He doesn't state that anywhere in his piece; at the end, his bio statement says, "Dr. Ed Gogek is an addiction psychiatrist and a board member of Keep AZ Drug Free."  But whenever I have questions about a study -- or even a brief editorial, like this one -- I always want to find out what the writer's background is, to see how credible a source (s)he is.  And lo and behold, a quick search brought me to Dr. Gogek's homepage, wherein he makes the following statement:
Many people think homeopathy refers to all forms of alternative medicine, but it’s actually one specific type of alternative practice, very different from nutrition and herbs. Classical homeopathy works well for most medical and psychiatric problems. For people in psychotherapy or suffering from addictions, it removes roadblocks, and speeds the recovery process. And the right homeopathic remedy will also transform marriages and other significant relationships. Nothing heals and transforms a person’s life like the right homeopathic remedy.

In my experience, homeopathy can help all psychiatric problems except ADHD and schizophrenia. However, it works exceptionally well for anxiety disorders (panic attacks, social anxiety, specific phobias, PTSD and OCD), bulimia, sex and love addiction, and anger. It’s also very helpful for personality disorders and unusual problems that defy easy diagnosis.
My immediate reaction was, "And you're lecturing other people about disregarding science?"

Now, please note that the immediate loss of scientific credibility that this engenders doesn't mean that Dr. Gogek's original argument was entirely wrong (any more than a Ph.D. means a person is always right).  But it does tell me one thing; he has a serious difficulty with looking at a body of evidence, and concluding correctly whether that body of evidence supports a particular conclusion.  There have been hundreds, perhaps thousands, of controlled, double-blind experiments testing homeopathy, and not one has produced any clinically relevant results.  Not one.  The fact that he is unaware of this, or perhaps ignoring it or rationalizing it away, makes me look at other conclusions he draws with a wry eye.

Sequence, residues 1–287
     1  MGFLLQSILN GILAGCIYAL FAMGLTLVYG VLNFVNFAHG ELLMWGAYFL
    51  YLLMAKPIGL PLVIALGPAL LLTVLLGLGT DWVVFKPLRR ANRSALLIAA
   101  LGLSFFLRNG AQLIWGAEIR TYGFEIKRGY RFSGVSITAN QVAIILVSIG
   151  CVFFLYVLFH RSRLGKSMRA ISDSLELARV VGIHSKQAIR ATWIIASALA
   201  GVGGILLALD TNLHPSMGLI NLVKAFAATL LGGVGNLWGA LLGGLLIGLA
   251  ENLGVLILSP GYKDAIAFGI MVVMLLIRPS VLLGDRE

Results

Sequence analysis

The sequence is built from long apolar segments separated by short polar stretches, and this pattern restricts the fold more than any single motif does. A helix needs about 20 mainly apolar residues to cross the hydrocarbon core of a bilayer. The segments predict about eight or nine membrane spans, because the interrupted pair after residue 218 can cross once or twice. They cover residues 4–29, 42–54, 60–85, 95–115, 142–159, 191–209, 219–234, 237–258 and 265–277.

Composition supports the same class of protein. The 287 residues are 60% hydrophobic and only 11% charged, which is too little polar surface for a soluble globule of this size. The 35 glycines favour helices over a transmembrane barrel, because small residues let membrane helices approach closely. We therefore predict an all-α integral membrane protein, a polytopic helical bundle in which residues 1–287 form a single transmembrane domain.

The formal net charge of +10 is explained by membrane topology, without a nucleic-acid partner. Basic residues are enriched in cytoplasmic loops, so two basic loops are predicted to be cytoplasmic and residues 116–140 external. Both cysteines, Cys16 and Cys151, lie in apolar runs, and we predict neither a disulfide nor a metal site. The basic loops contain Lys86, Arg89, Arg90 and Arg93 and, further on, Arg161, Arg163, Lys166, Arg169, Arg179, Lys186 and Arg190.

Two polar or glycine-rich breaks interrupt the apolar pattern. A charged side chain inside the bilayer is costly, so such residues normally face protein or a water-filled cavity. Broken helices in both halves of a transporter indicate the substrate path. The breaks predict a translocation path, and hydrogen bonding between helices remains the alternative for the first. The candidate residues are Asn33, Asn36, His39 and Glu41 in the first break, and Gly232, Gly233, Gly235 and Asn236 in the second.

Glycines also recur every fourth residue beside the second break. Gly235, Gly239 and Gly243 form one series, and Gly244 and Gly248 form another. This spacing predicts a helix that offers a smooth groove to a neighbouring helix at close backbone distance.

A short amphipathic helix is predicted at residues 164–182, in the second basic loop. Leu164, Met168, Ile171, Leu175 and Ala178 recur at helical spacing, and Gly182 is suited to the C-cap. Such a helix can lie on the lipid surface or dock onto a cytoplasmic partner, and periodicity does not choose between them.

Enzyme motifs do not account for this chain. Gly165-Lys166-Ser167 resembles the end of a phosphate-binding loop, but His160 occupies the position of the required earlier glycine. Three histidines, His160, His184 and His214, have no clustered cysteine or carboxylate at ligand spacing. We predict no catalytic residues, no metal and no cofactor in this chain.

Now, as far as the legalization of marijuana, please understand; I don't have a dog in this race.  I'm not a user, and have no intent to become one.  I do find it curious that tobacco, which is clearly a more dangerous drug, is not only legal, but federally subsidized, while marijuana possession can land you in jail in most states; but that isn't the only weird internal contradiction in our legal code.  What I do want to make abundantly clear, however, is that when something appears in print -- even in The New York Times -- it is always worthwhile to check source credibility.  Things, as Buttercup points out in H.M.S. Pinafore, are seldom what they seem.

1 comment:

  1. In states where medical marijuana is legal, if you want some just for entertainment, the easiest and least risky way to get high-quality product is to fake chronic pain. Since a lot of people do want it for entertainment, I don't doubt that that's a very common strategy.

    However, I don't see how this is a logical argument against full legalization. If prohibition is wrong, then working around it is completely justified. If prohibition is right, then people trying to evade it doesn't make it any more right. Unless he's arguing that the fact that people want it proves it's addictive, in which case we should outlaw iPads.

    Watching television lowers cognitive function, and I don't see any moves to outlaw that.